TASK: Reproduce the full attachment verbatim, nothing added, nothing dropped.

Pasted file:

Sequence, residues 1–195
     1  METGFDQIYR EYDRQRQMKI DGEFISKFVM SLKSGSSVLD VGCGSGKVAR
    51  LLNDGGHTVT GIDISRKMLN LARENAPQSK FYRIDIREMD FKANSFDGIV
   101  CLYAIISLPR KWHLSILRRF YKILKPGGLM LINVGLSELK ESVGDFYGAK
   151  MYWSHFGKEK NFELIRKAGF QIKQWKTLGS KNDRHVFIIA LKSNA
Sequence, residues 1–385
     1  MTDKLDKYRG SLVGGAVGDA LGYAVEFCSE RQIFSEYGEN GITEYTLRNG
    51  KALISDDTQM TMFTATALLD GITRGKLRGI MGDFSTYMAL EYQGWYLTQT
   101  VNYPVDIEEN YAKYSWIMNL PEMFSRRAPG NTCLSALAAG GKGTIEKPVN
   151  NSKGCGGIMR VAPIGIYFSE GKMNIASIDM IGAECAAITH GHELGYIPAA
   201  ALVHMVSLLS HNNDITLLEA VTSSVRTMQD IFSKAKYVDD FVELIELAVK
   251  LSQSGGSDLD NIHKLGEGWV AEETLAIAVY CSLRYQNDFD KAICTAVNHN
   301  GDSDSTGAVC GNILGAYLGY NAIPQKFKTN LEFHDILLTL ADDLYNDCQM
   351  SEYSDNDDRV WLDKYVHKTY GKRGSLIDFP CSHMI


Sequence, residues 1–195
     1  METGFDQIYR EYDRQRQMKI DGEFISKFVM SLKSGSSVLD VGCGSGKVAR
    51  LLNDGGHTVT GIDISRKMLN LARENAPQSK FYRIDIREMD FKANSFDGIV
   101  CLYAIISLPR KWHLSILRRF YKILKPGGLM LINVGLSELK ESVGDFYGAK
   151  MYWSHFGKEK NFELIRKAGF QIKQWKTLGS KNDRHVFIIA LKSNA
Sequence, residues 1–385
     1  MTDKLDKYRG SLVGGAVGDA LGYAVEFCSE RQIFSEYGEN GITEYTLRNG
    51  KALISDDTQM TMFTATALLD GITRGKLRGI MGDFSTYMAL EYQGWYLTQT
   101  VNYPVDIEEN YAKYSWIMNL PEMFSRRAPG NTCLSALAAG GKGTIEKPVN
   151  NSKGCGGIMR VAPIGIYFSE GKMNIASIDM IGAECAAITH GHELGYIPAA
   201  ALVHMVSLLS HNNDITLLEA VTSSVRTMQD IFSKAKYVDD FVELIELAVK
   251  LSQSGGSDLD NIHKLGEGWV AEETLAIAVY CSLRYQNDFD KAICTAVNHN
   301  GDSDSTGAVC GNILGAYLGY NAIPQKFKTN LEFHDILLTL ADDLYNDCQM
   351  SEYSDNDDRV WLDKYVHKTY GKRGSLIDFP CSHMI